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Ah! Finally, the long-awaited agnolotti recipe featuring the filling that was first described to me by a sous chef in Bologna. You may recall that I experimented with another filling when I made Agnolotti del Plin last December. That filling was much softer and, consequently, I used a pastry bag in the process. That wasn’t possible with this filling.

From what I learned from that generous sous chef — I really wish I could remember her name — agnolotti, unlike stuffed pastas from other regions of Italy, are primarily meat filled. That’s definitely the case when you compare this 4-meat recipe to my family’s traditional ravioli filling. As I mentioned in the December post, fillings like this one were considered so rich that in Piemonte, where agnolotti originated, they were once served in a pile atop clean table linens, with no sauce or condiment at all. Now this is my kind of finger food!

Once you’ve determined a worthy filling — or located a hard-working sous chef willing to divulge family recipes — all that’s left to do is to make the pasta pillows. This is not as simple as one might think. When talking about the various stuffed pastas, aside from the fillings, very often the only other differences are in the shape of the pasta. Tortellini and ravioli, for example, are easy to differentiate. The first looks like a Bishop’s mitre and the second a square pillow, typically cut on all 4 sides. Agnolotti are almost exclusively hand-made and, as you’ll soon see, each is typically cut on 3 sides, the fourth being a fold. What’s this? You’ve seen ravioli made this way? Me, too. Some say all agnolotti are rectangular shaped. There are those that feel square-shaped is preferable. While still others claim that all agnolotti must be half-moon shaped. What? You’ve also seen ravioli made similar to each of these? Same here and that’s perfectly fine in my book. If you place a dish of home-made stuffed pasta before me, you can call them ravioli, tortellini, agnolotti, cappelletti, or pansôtti and you’ll have no argument with me. Deny me a second helping, however, and we’re sure to have a problem.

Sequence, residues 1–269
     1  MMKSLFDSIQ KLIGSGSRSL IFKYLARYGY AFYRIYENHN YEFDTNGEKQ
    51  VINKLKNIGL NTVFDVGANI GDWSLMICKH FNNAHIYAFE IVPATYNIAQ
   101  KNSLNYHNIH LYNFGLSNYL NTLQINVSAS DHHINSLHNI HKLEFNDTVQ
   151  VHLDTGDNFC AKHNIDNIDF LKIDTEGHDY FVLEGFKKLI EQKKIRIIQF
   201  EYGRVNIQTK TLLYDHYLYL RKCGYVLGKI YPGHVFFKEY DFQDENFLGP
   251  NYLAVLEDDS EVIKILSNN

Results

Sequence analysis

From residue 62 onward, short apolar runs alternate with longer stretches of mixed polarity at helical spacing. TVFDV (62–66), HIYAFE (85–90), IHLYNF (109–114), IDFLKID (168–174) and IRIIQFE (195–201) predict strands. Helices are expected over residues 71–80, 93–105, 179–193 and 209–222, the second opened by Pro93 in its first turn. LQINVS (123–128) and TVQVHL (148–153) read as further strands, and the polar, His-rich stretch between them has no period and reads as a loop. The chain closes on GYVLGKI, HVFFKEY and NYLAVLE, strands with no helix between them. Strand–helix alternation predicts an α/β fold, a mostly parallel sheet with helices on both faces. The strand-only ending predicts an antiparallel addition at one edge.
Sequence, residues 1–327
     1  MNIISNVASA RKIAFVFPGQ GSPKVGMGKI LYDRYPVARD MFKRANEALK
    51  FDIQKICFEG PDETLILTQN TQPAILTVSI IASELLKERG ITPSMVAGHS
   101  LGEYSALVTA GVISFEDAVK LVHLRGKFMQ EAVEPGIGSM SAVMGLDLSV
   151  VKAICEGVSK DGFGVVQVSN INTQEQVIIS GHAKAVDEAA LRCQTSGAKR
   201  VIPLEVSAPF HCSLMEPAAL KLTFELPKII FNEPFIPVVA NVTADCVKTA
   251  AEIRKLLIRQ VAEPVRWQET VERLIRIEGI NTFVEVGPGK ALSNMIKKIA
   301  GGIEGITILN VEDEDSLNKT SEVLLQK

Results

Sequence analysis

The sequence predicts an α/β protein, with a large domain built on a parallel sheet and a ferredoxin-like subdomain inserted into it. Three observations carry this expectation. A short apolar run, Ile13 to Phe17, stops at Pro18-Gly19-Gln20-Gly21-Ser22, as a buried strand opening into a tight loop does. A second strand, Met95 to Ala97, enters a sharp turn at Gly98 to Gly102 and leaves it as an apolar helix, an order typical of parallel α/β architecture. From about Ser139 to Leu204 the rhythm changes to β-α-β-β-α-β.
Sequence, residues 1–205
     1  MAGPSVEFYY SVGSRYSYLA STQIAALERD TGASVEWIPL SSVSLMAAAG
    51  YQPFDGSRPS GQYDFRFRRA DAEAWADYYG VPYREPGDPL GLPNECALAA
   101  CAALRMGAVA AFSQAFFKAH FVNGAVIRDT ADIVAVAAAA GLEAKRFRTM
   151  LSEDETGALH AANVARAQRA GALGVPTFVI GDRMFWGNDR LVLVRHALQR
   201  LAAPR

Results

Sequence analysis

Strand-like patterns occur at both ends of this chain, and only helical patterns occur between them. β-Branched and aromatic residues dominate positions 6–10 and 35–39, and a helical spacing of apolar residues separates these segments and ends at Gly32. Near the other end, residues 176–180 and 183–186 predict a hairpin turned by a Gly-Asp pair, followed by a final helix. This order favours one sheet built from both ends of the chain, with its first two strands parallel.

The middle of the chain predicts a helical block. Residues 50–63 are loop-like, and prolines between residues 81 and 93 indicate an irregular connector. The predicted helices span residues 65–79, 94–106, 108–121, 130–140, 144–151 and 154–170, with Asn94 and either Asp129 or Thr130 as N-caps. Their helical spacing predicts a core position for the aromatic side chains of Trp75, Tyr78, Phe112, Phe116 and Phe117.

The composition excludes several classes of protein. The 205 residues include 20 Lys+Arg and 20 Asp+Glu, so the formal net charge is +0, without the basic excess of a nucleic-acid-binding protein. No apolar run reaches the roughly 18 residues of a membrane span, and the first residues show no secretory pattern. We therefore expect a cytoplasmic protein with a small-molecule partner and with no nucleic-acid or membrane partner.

As I’ve mentioned, the filling for agnolotti is traditionally made using roasted meats. Traditionally, yes, but I cheated. I thought it wasteful to roast both beef and veal just to make agnolotti, particularly since I live alone. So, I bought some beef and veal, cut them into medium-sized cubes, and sautéed them in a little butter rather than roast them. This is the same method that we Bartolini use when preparing meats for our ravioli and cappelletti. The rest of the agnolotti recipe that I’ve shared is just as I was told by my Bologna sous chef. Gotta love that woman!

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Caveat Canis

Caveat Canis

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Agnolotti Recipe

Ingredients

  • 8 oz (228 g) mortadella (see Notes)
  • 8 oz (228 g) veal (See Notes)
  • 2 tbs butter
  • 8 oz (228 g) prosciutto crudo (See Notes)
  • 8 oz (228 g) prosciutto cotto
  • 4 oz (110 g) grated Parmigiano Reggiano (Pecorino Romano may be substituted)
  • 1 egg, slightly beaten
  • nutmeg, to taste
  • salt and pepper, to taste

Make the Filling

  1. In a frypan over med-high heat, melt the butter before adding the beef chunks. Season lightly with salt and pepper and sauté until browned on all sides. Set aside.
  2. Repeat Step 1 using the veal chunks in place of the beef.
  3. Cut both types of prosciutto into cubes.
  4. Grind/mince the 4 meats using the meat grinder plate with the smallest holes. (See Notes)